Authorities in northwest China's Gansu Province
have introduced a new regulation to better manage water resources in the Shiyang River Basin to help curb the ecological deterioration of the Minqin oasis and protect a section of the Great Wall.
Ma Faming, deputy director of the provincial People's Congress Law Committee, told China Daily the Management Regulation (draft) on the Water Resources of the Shiyang River Basin, Gansu Province made clear provisions for the management and use of resources there.
"It is the first time Gansu has issued such a legislation for the management of a single river basin," Ma said.
According to the regulation, which was approved by the local legislative body on Friday, the use of water from the Shiyang River and the exploitation of underground water in the region must go through the local governments' strict approval process. Water consumption will also be restricted.
"The reclamation of wasteland in the river basin is also banned to ease pressure on water resources and protect vegetation. In addition, factories in the basin are required to undertake remedial measures if they are major consumers of water or create pollution," the regulation says.
The demand for water from the Shiyang River, one of the three major inland waterways in the province, has been growing since the 1980s, Kang Guoxi, deputy director of Gansu provincial water resources administration bureau, said.
The excessive use of water resources has damaged the ecological environment, especially in the lower reaches of the basin and in Minqin county, which has witnessed rapid deterioration, he said.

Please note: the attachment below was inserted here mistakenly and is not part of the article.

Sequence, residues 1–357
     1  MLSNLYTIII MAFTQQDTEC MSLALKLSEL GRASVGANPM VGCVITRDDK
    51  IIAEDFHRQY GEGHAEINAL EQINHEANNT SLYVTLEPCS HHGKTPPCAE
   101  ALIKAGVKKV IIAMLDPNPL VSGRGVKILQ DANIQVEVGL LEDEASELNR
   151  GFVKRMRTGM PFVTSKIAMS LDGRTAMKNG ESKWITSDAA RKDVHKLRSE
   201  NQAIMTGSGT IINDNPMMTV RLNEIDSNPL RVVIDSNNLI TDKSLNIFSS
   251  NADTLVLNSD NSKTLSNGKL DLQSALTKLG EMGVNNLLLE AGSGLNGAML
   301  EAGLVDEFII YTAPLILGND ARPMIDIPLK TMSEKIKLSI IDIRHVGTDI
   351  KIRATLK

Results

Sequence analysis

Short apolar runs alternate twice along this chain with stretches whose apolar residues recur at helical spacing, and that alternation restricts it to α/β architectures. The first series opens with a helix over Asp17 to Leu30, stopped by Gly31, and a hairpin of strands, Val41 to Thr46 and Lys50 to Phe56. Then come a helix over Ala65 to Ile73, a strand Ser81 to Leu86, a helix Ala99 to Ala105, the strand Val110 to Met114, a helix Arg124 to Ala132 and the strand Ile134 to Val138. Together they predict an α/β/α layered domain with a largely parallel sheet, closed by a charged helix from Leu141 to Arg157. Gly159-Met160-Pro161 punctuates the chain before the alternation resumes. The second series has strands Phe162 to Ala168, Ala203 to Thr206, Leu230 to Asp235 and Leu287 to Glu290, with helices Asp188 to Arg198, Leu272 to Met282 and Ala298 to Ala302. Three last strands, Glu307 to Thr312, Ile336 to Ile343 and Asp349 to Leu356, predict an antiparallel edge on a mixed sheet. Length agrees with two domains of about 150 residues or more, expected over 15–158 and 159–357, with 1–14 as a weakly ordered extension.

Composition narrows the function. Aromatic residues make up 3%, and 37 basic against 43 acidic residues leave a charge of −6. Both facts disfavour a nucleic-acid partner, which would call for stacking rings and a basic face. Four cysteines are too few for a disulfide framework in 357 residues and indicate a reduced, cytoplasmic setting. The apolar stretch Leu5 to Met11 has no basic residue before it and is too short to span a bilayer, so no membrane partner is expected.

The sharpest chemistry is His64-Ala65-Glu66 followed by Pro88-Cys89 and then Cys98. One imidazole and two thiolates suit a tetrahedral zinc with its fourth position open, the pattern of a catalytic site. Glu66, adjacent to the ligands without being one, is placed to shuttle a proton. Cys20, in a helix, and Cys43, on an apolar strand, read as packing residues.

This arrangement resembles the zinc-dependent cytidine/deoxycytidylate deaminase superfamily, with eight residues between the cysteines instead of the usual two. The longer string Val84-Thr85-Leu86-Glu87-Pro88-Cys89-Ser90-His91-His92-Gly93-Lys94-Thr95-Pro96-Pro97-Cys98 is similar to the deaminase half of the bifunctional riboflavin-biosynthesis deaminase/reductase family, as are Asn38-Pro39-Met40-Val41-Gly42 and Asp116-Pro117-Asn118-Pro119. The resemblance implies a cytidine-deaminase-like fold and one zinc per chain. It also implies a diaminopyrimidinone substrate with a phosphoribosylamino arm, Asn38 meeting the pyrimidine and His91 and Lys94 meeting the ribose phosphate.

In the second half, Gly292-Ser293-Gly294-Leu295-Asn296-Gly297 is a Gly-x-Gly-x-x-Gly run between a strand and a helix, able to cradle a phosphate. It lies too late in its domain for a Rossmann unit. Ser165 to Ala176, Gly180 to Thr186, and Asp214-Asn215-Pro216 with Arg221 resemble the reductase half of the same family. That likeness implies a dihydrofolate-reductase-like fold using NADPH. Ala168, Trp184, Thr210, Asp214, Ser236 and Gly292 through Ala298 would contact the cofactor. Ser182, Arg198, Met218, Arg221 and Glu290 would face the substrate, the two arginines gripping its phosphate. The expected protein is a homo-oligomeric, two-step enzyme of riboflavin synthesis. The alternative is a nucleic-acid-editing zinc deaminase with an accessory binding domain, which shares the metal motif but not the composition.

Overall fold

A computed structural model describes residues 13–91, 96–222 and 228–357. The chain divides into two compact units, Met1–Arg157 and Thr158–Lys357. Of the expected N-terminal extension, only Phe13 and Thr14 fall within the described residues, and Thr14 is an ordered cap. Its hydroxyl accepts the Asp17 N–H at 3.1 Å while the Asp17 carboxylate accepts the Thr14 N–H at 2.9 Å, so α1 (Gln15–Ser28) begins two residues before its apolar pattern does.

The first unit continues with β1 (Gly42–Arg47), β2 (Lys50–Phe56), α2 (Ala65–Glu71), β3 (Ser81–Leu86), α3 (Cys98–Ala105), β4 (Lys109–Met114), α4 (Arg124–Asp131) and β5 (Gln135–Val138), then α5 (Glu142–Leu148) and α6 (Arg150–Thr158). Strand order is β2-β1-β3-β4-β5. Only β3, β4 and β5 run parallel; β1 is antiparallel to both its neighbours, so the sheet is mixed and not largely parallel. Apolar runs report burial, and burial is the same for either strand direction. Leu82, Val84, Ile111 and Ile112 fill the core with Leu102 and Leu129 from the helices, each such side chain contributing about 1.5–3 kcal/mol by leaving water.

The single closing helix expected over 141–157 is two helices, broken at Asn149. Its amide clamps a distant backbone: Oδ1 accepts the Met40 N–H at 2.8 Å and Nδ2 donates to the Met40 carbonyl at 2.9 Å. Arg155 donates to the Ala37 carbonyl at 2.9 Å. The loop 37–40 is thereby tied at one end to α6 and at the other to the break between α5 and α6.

"The Minqin oasis, which was once fully watered by the river, has been turning to desert and its area has dwindled drastically," the official said.
Figures show the amount of water flowing into the Minqin oasis has fallen by some 500 million cu m over the past 50 years. The level of underground water in the region has dropped by 14 m in the same time.
Li Bingcheng, an expert on the Great Wall, which was built in the Western Han Dynasty (206BC-AD24) and Ming Dynasty (1368-1644), said the ancient monument was under serious threat from desertification.
Some 220 km of the wall in Minqin county are surrounded by sand and some sections have been completely buried, Li said.
He said although parts of the Great Wall had been buried, they could be clearly seen on aerial photographs taken recently.
"If we do not take effective measures to protect these ancient remains of great buildings in Minqin county, there will be nothing left in another 10 to 20 years," Li said.
(China Daily August 7, 2007)